TWO weeks into the launch of new Companies Act, the new Companies and Intellectual Property Commission (CIPC) is still clearing a backlog of thousands of name registrations for close corporations (CC) which flooded in before the May 1 deadline.
There was a rush by some to beat the deadline, as of May 1, when the act came into effect, one can no longer register a CC.
Firms that provide company registration services are up in arms over the backlog and the fact that the commission’s site doesn’t yet allow for electronic lodgments of new company registrations.
“They couldn’t even tell us how the new Pty’s will be done – it’s a complete mess,” said
Martinus du Toit, who runs Fact Business Corporation. He said the commission was still trying to clear a backlog of CC name registrations filed before May 1 and that it is about 30 days behind in name registrations.
Elsabé Conradie, the CIPC’s head of communication, marketing and stakeholder relations, said the commission was working “around the clock” to clear the backlog after receiving over 14 000 applications for CCs and name reservations in the weeks leading up to the May 1 deadline.
She however said the backlog should not effect new company lodgements, as a name reservation is no longer a requirement for company registration. She said a number of new companies had been registered.
Conradie said the commission was currently overhauling its IT systems following a recent upgrade, adding that electronic lodgement of new company applications would be enabled in the second phase of the system development.
She added that the contractual dispute between Valor IT which has been ongoing for some time, had “impacted on the holistic review of the system, but that electronic lodgement had been able to proceed without these changes to date.
Though CCs will be able to continue operating indefinitely, the entity will now be treated similarly as private companies to when it comes to audit requirements, as the Close Corporations Act has been brought in line with the Companies Act.
It means that CCs with shareholders who are not directors, will just like companies under the new Companies Act, may also have to undergo an audit depending on their public interest score, says Ewald van Heerden, a risk management partner at Mazars.
A points system will also apply, to determine whether a company has to do an independent review (less than 100 points), the option of a review or an audit depending on who compiles the financial statements (between 100 and 350 points) or a mandatory audit (above 350).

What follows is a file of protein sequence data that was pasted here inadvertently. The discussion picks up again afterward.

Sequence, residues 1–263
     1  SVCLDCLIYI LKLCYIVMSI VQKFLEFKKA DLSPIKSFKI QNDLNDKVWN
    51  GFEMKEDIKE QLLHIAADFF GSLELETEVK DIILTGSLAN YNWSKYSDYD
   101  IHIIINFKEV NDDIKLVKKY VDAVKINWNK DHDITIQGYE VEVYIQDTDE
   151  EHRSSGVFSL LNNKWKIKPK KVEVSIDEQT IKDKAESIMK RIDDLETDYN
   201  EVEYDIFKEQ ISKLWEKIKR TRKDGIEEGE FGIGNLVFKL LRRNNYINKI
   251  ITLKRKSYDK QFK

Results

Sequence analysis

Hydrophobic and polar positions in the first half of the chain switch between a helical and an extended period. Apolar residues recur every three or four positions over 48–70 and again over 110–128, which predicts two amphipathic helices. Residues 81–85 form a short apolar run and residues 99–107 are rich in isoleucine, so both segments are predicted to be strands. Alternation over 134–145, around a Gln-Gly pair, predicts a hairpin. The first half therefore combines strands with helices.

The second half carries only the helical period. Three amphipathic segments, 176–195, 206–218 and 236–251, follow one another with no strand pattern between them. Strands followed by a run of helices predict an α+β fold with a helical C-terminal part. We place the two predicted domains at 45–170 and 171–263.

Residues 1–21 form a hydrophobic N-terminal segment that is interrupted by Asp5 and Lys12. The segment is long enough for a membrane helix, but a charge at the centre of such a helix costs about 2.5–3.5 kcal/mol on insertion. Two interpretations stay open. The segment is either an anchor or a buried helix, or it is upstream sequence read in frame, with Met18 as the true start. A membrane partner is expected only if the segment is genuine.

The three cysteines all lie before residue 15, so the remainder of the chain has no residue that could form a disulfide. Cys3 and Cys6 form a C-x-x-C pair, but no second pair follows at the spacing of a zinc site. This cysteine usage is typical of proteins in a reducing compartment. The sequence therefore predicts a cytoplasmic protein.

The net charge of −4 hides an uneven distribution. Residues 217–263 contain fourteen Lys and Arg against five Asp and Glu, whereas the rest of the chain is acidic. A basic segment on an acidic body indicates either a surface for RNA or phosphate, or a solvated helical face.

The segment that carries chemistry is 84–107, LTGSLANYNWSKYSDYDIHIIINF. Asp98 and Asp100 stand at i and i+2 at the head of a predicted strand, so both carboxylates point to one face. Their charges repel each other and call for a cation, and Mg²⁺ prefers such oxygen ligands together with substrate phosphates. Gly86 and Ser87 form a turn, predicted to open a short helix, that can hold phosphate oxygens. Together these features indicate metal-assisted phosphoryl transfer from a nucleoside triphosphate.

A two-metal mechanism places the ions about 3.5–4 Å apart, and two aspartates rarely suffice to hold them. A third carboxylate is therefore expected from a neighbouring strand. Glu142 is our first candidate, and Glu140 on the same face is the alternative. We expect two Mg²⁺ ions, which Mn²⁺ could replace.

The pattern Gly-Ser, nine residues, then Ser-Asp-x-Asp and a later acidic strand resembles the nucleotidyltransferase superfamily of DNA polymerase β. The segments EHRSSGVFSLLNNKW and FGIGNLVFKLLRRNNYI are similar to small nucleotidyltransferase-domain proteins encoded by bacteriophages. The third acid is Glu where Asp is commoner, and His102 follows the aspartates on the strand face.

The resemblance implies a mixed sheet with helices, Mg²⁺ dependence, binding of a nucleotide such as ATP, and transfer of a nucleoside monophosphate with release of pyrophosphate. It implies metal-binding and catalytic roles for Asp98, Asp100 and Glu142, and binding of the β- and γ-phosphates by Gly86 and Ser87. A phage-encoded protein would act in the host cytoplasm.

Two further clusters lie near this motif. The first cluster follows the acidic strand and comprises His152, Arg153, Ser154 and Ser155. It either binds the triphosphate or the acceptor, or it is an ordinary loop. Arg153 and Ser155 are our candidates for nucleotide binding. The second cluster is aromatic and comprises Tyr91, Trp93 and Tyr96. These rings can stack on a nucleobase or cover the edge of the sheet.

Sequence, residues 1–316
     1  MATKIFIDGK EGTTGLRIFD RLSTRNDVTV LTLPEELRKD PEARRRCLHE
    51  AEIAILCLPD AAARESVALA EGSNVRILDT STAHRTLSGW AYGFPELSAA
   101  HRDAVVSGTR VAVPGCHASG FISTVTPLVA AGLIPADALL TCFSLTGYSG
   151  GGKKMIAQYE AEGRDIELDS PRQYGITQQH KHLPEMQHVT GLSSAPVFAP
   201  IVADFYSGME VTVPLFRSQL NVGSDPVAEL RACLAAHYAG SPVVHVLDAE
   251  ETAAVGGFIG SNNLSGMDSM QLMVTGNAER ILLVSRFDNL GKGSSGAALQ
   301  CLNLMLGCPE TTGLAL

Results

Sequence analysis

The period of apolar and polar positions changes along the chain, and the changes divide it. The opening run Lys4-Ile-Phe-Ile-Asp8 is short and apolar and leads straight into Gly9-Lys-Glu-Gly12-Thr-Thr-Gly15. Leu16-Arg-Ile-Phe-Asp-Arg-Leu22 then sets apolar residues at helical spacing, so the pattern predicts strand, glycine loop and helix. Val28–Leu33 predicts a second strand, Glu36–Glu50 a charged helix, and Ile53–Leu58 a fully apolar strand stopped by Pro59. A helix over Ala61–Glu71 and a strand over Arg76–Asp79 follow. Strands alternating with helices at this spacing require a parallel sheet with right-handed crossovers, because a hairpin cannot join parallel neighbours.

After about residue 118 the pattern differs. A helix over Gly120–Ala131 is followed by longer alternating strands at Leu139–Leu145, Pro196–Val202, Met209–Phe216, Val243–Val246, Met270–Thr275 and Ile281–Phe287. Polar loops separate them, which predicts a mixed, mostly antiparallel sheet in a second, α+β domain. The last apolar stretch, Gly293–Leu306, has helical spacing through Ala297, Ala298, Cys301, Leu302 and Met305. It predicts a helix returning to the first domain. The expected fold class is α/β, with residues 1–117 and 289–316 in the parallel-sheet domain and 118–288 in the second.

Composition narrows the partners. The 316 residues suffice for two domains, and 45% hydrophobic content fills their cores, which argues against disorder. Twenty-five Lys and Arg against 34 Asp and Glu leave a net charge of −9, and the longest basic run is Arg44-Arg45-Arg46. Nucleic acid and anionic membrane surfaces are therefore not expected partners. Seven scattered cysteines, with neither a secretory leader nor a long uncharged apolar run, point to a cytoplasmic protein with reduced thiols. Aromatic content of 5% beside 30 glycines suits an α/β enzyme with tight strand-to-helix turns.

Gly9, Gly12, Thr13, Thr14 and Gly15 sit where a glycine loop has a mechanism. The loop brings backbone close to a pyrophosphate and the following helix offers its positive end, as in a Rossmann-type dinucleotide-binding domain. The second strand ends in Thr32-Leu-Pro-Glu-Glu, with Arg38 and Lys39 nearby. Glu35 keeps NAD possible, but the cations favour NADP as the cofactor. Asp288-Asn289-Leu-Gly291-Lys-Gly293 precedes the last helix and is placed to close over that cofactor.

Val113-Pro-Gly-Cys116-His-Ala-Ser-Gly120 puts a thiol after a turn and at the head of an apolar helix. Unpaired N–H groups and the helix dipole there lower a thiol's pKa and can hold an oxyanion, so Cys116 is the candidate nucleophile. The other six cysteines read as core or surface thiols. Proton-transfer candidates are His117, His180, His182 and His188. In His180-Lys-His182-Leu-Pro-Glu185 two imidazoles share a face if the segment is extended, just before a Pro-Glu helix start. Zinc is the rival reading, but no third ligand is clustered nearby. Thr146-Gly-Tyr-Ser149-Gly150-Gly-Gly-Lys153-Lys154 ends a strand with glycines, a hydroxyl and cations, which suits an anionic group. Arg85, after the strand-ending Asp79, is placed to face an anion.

The formula considers assigns a point each for every million rand in a company’s turnover, for every million rand of third-party debt and a point for each shareholder and for each employees it has (using average number of employees for the particular year).
The points system takes preference over whether or not all shareholders are directors.
Van Heerden points out that the act uses the definition of an employee as it appears in the Labour Relations Act – meaning both temporary and permanent employees are considered. Independent contractors however are not counted as employees.
While some auditors believe an independent review may range between 30% to 40% more affordable than an audit, Van Heerden believes an independent a review might not always turn out to be the more affordable option – particularly in instances where the economy or the industry in which the company operates in, has experienced a lot of fluctuation or if their accounting records are not clean. In these instances the cost of a review could be very close to that of an audit.
Business owners running a CC can convert to a company by filing a Notice of Conversion of a close corporation with the commission.
Conradie said CCs have been granted three years to convert for free to a company.
One option for those looking to run a CC, is to buy a shelf-CC through Shelf Company Warehouse, which has stocked up on about 3 000 reserved names, according to one official there. Chris Gouws, director there, said they were experiencing “a huge demand” for shelf CCs.
This article originally appeared in Business Day on 17 May 2011.
Stephen Timm is a